- Seedrs is an equity crowdfunding platform that enables different investors to invest in businesses they believe in and share in their success.
- Pitchbook is a SaaS company that provides data, research, and technology on the private capital markets, which includes private equity, venture capital, and M&A transactions.
- Angel Capital Association (ACA) is the largest professional development organization for angels in the world, with 14,000+ angels and 250+ angel groups, accredited platforms & family offices throughout North America.
- Carrefour Capital Connexion is a network of databases that comprise business projects and venture capital sources. Startup entrepreneurs can search for potential angel investors worldwide. Registration is free for business projects and private venture capital investors.
- Canadian Investment Network is a service that connects entrepreneurs with angel investors. It is free to post your confidential proposal; However, a one time, first contact fee is required if their matching service finds an investor interested in your business. Alternatively, startups can opt to receive premium services by paying upfront.
- Angel Forum – Pre-screened technology and non-technology companies looking for equity funding of $100,000 to $1 million can present “live” pitches to pre-screened private and corporate investors.
These websites only provide the opportunity to connect with interested business angels and VC investors. They do not directly offer investor funding.
2. Look closer to home
Although some angel investors invest entirely independently, most usually operate as part of a syndicate or informal network where they pool resources and share risks. Angel investors prefer to invest in businesses closer to home as they like to be actively involved in their startup investments.
Check with the Community Futures Office, Business Development Center, or Economic Development Centre in your neighborhood. There could be an active group of angel investors in your community.
Research firms that are a fit for your business and development stage. If there are local active groups of angel investors or VC firms, they should be high on your list of targets.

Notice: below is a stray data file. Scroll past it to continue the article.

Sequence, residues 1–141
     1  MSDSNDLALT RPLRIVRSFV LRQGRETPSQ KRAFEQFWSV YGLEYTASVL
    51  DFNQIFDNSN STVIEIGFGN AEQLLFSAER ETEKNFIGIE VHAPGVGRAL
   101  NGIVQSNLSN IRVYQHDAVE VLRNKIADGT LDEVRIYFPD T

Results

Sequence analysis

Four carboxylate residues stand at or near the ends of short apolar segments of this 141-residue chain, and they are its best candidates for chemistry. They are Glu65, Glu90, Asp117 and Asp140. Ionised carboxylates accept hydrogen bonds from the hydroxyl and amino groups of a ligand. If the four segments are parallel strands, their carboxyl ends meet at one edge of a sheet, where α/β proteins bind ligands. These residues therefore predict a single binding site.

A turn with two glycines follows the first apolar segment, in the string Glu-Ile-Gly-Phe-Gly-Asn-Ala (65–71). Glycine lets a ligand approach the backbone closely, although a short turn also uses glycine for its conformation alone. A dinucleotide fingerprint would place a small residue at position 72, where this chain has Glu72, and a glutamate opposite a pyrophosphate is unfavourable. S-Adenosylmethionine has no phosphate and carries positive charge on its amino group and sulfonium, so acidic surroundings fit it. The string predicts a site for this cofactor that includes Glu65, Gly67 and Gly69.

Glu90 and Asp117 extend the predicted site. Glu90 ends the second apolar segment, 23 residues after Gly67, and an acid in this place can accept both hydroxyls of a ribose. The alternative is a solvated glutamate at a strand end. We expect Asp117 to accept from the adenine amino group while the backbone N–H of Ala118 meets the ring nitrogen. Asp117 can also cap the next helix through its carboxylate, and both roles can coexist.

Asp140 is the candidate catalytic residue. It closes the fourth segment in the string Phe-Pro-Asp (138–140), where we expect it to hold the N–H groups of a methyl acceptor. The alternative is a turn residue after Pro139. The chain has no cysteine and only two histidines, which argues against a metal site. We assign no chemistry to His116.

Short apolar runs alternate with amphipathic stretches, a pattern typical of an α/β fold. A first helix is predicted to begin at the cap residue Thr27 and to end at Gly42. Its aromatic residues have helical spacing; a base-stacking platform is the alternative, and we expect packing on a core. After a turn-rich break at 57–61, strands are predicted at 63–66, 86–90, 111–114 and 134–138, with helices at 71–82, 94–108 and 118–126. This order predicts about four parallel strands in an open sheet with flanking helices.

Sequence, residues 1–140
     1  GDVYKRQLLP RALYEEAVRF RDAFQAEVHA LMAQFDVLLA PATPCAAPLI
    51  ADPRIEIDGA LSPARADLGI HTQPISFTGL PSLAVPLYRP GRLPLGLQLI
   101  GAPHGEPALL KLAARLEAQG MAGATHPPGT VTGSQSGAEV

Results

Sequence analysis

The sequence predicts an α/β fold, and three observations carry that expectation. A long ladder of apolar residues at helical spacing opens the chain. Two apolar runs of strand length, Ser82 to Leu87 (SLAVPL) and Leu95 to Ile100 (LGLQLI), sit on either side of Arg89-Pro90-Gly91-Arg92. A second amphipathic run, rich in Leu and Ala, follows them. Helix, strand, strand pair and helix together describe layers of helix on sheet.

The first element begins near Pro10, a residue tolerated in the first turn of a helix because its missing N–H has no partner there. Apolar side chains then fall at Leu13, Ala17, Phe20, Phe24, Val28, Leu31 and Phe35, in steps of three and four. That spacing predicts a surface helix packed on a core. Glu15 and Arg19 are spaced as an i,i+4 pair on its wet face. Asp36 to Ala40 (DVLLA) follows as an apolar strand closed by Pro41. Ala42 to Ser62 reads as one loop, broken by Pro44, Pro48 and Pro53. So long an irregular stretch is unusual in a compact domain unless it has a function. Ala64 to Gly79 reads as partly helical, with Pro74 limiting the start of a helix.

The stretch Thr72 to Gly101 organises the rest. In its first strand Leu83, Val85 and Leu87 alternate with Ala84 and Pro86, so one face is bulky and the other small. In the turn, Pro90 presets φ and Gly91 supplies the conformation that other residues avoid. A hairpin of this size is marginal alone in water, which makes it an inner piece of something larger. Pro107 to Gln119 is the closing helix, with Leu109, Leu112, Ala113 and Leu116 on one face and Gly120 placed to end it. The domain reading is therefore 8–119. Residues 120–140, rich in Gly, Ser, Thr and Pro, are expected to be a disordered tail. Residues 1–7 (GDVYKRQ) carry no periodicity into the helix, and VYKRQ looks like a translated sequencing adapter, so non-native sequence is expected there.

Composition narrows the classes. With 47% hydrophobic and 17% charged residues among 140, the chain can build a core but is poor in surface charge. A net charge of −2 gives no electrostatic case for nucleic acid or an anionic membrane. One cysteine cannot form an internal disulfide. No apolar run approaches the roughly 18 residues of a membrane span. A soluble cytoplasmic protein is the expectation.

Regardless of your startup’s stage of development, networking is a great way to meet an angel group, investor group, and venture capitalist. Friends or other business owners are a great resource. Ask them if they know of angel investors that work with startups like yours. Usually, you need a referral to get your foot in the door with an angel investor or VC. To find angel investors or meet Venture Capitalists, you need to get to know the right person, i.e., someone who can refer you to them). Cold calling a VC firm partner is typically futile as they want a referral from a trusted source. You can start by immersing yourself in the local business and social community. Get to know the business owners, who might be angel investors, or know a potential investor. Attend community events, local charity events, and trade fairs. These are great for networking. The more people you meet, the better you can get your name and business idea out there. Everyone is a potential investor. By doing so, you can develop your personal network and good relationships.
Once you have shortlisted the potential investors, check to see that the firms on your list have a solid reputation. Use sites like The Funded to gain insights on the experiences of startups who have previously pitched there or former employees of the firms
The Hunt Is Worth the Catch in the End!
Finding an angel or VC investor is not easy, but your efforts will pay off when a Venture Capital or angel invests in your business. It is not only the capital injection that your business will need but also the advice, know-how, and resources that an angel investor or VC brings to the table. These can be key to shaping your startup’s success as you start to build a good relationship with your business angel or venture capital investor.
Thank you for visiting coachkelvin.com. If you have found this article useful in your search for contacting business angels and VCs, here are some other articles that will help you in your journey as a startup entrepreneur.